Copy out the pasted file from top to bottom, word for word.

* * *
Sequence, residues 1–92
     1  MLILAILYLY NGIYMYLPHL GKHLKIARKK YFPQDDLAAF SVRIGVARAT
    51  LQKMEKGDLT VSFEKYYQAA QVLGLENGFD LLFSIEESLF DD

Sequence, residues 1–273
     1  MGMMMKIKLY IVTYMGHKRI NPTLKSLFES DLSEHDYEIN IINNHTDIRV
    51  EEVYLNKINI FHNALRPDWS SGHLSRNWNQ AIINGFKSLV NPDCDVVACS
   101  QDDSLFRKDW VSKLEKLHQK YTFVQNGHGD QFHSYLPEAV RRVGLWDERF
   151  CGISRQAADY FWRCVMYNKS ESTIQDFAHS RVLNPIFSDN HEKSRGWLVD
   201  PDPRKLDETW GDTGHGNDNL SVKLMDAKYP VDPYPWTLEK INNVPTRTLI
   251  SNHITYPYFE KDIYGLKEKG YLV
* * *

Sequence, residues 1–92
     1  MLILAILYLY NGIYMYLPHL GKHLKIARKK YFPQDDLAAF SVRIGVARAT
    51  LQKMEKGDLT VSFEKYYQAA QVLGLENGFD LLFSIEESLF DD

Sequence, residues 1–273
     1  MGMMMKIKLY IVTYMGHKRI NPTLKSLFES DLSEHDYEIN IINNHTDIRV
    51  EEVYLNKINI FHNALRPDWS SGHLSRNWNQ AIINGFKSLV NPDCDVVACS
   101  QDDSLFRKDW VSKLEKLHQK YTFVQNGHGD QFHSYLPEAV RRVGLWDERF
   151  CGISRQAADY FWRCVMYNKS ESTIQDFAHS RVLNPIFSDN HEKSRGWLVD
   201  PDPRKLDETW GDTGHGNDNL SVKLMDAKYP VDPYPWTLEK INNVPTRTLI
   251  SNHITYPYFE KDIYGLKEKG YLV